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HDMI Cables – Save Money Connecting Your High Definition TV

Posted By admin On August 27, 2009 @ 10:44 am In Home Entertainment | Comments Disabled

So, you’ve bought that flat panel TV and a spanking new Blu-ray DVD player. You’ve forked out 1000s of dollars and you’re ready to indulge in a spot of high definition viewing pleasure.

Well, almost.

You need to connect your two devices. And this can’t be done with any old cable. To get the signal from your Blu-ray player to your TV in all its high definition glory, you have to use an HDMI cable.

What is HDMI?

HDMI (High Definition Multimedia Interface) is now the global standard for connecting high definition consumer electronics. Got a high definition set-top box for your TV? Almost certainly you’ll be connecting the two via their HDMI interfaces with a HDMI cable.

HDMI is an all-digital audio/video interface. Using only a single cable it is able to transmit:

  • Digital video
  • Multi-channel audio
  • Device control data

The New Generation

Older generations of interfaces like SCART and S-video were analogue. As an analogue signal moves along a cable the signal decays. By the time it gets to the TV then, the picture it generates is of a correspondingly lower quality.

HDMI, though, is completely digital and transmits its information in a bit-stream, or series of ones and zeros. As a result, as long as the signal can make it’s way from one end of the cable to the other, there is no degradation of picture quality.

The result? Crystal clear, super rich images that are so realistic they sometimes border on 3-D. Not to mention faster gaming and richer audio.

The HDMI Advantage

  • A single cable for both audio and video – means no more cable clutter.
  • A uniform plug for all HDMI devices – allows easy installation and reduces consumer confusion.
  • An accepted standard – by 2010 there will be an estimated billion HDMI-enabled devices worldwide.
  • Exceptional information transfer speed – the latest HDMI cables can carry up to 10.2 gigabits per second (double that needed to transmit a 1080p signal).
  • The smart nature of the connection allows devices to communicate with each other. For instance, a DVD player and a TV can talk to each other, allowing the TV to adjust its settings so that it can display the incoming DVD signal to the best of its ability.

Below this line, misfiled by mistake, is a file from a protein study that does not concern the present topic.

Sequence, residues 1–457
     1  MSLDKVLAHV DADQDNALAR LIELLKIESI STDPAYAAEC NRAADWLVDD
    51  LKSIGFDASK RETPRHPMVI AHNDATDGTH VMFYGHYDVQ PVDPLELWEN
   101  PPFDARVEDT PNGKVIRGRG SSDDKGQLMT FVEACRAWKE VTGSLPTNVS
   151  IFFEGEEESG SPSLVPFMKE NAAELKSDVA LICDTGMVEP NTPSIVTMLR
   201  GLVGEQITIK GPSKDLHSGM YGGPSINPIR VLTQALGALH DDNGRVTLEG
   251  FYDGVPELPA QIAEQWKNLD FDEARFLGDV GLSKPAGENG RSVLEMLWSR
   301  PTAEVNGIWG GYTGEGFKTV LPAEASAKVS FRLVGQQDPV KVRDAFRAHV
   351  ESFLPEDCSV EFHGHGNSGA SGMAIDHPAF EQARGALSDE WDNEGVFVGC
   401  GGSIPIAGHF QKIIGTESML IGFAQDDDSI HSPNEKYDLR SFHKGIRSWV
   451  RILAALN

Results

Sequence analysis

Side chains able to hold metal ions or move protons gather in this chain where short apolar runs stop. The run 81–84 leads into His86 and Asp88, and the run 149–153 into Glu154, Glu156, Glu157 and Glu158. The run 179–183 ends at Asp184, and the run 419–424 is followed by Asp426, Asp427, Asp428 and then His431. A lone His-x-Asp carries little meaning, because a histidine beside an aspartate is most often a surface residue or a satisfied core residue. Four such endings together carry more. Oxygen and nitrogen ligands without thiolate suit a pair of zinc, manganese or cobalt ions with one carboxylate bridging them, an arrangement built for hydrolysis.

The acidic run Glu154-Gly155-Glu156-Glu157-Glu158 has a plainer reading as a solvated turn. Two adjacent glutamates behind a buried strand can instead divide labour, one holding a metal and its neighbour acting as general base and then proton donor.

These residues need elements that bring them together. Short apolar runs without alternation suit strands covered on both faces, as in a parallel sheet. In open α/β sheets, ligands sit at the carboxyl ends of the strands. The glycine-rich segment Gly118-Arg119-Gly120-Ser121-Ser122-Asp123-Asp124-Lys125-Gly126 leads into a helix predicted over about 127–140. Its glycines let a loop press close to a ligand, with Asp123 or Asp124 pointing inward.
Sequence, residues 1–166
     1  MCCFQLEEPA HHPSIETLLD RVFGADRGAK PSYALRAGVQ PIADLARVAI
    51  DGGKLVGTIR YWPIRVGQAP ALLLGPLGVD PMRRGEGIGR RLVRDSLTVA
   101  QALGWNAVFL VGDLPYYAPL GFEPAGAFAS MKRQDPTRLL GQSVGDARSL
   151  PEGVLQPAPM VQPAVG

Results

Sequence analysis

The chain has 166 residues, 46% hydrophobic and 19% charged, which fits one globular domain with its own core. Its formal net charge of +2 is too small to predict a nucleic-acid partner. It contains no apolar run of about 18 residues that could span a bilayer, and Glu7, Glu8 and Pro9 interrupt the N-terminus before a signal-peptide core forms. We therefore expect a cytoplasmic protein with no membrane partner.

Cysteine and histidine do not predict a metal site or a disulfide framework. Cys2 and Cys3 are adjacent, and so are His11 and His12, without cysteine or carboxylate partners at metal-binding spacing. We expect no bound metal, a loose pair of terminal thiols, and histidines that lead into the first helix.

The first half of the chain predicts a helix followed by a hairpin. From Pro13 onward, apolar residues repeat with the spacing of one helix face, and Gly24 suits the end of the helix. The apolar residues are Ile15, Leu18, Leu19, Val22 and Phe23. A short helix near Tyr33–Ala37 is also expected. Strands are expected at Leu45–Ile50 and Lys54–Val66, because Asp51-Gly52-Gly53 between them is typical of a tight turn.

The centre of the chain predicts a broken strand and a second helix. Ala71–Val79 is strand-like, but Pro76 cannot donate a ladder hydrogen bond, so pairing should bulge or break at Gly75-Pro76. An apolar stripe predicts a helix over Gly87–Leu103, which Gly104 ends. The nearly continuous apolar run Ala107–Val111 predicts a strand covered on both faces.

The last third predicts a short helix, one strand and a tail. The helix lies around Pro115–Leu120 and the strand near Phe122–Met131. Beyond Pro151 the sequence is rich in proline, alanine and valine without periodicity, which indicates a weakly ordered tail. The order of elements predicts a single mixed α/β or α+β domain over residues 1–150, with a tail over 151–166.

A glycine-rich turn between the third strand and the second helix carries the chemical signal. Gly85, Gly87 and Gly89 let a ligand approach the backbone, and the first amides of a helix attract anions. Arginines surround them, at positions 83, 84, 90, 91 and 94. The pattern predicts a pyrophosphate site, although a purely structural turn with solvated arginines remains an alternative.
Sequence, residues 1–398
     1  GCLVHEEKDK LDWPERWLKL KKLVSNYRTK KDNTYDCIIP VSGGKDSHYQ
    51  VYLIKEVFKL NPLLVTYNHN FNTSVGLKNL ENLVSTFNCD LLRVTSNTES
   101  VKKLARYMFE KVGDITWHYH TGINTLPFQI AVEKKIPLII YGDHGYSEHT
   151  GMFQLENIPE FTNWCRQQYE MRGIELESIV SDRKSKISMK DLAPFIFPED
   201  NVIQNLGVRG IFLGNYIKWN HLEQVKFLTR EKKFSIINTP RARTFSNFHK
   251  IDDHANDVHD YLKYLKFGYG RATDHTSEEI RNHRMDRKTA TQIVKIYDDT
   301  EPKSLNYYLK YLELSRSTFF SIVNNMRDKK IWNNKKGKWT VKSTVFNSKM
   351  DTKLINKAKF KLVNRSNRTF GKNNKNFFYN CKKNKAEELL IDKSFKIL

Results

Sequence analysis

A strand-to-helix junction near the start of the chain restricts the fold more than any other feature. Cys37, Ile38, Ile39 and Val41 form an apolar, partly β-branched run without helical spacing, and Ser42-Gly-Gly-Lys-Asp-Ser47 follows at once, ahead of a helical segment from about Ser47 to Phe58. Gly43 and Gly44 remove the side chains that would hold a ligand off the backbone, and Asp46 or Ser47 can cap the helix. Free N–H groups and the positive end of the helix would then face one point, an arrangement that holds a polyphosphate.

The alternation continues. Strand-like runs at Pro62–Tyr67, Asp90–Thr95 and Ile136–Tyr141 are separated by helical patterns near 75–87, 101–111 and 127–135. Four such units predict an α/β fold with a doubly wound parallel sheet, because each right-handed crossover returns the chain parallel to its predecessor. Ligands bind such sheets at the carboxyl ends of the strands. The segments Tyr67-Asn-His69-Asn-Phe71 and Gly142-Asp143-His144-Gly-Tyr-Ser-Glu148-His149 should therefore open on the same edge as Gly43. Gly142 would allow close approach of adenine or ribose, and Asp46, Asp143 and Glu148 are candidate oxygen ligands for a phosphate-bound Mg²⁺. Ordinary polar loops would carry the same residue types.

An Evolving Standard

The first version of HDMI was released in 2002. Known, unsurprisingly, as HDMI 1.0, it had a bandwidth of 165MHz and a maximum bitrate of 4.9 Gigabits per second.

The current HDMI version is HDMI 1.3. This has a bandwidth of 340MHz and a maximum bitrate of 10.2 gigabits per second.

The good news is that the plugs have not changed from version to version and each newer version is completely backwards compatible (you can use an HDMI 1.3 cable with an HDMI 1.0 device).

Which Cable Should I Buy?

Amazingly, if you only need a cable about two or three metres long, the answer is “the cheapest one you can find”.

Because of the nature of HDMI cables (all those ones and zeros) the signal either gets through and results in a super sharp picture, or it doesn’t, and you get no picture at all. The signal doesn’t decay the way an analogue signal does, so there is no grading of picture quality.

As long as the cable works, therefore, there is no difference in picture quality between a very expensive HDMI cable and a cheap one. You don’t even need to buy the latest HDMI version (1.3).

True high definition has a resolution of “1080p”, meaning that there are 1080 pixels along the vertical axis of your TV picture. Devices like Blu-ray DVD players and gaming consoles offer this level of resolution, so you obviously need a compatible cable. Luckily, all HDMI cables can accommodate 1080p, even HDMI 1.0.

Length Makes a Difference

If, however, you need a longer cable (10-15 metres) – say you’re running it through a wall – a different approach is necessary.

As a video signal travels through an HDMI cable, although it doesn’t degrade like an analogue signal, it does grow weaker and become distorted. After a certain point it won’t produce a picture.

To help overcome this problem, if you need a longer cable, you should choose HDMI 1.3. This version, with its wider bandwidth (340MHz as opposed to 165MHz with HDMI 1.0) is capable of handling higher frequencies. Cables that can handle higher frequencies cause less distortion at lower frequencies and allow the signal to travel further before it begins to fail.

As long as you choose HDMI 1.3 for longer cabling there is, again, no point in buying an expensive model – it won’t make your picture any better.

Note: Cables longer than 15 metres may need an HDMI extender, or booster box.

Don’t Get Conned

High definition TV and gaming already requires the outlay of significant amounts of money, so when it comes to cables don’t add more to your bill than you have to. The difference in price between two cables that will do exactly the same job can be over $100. If you pay at the upper end, you’ve probably been bamboozled by a salesman who’s more interested in his commission than the health of your bank balance.

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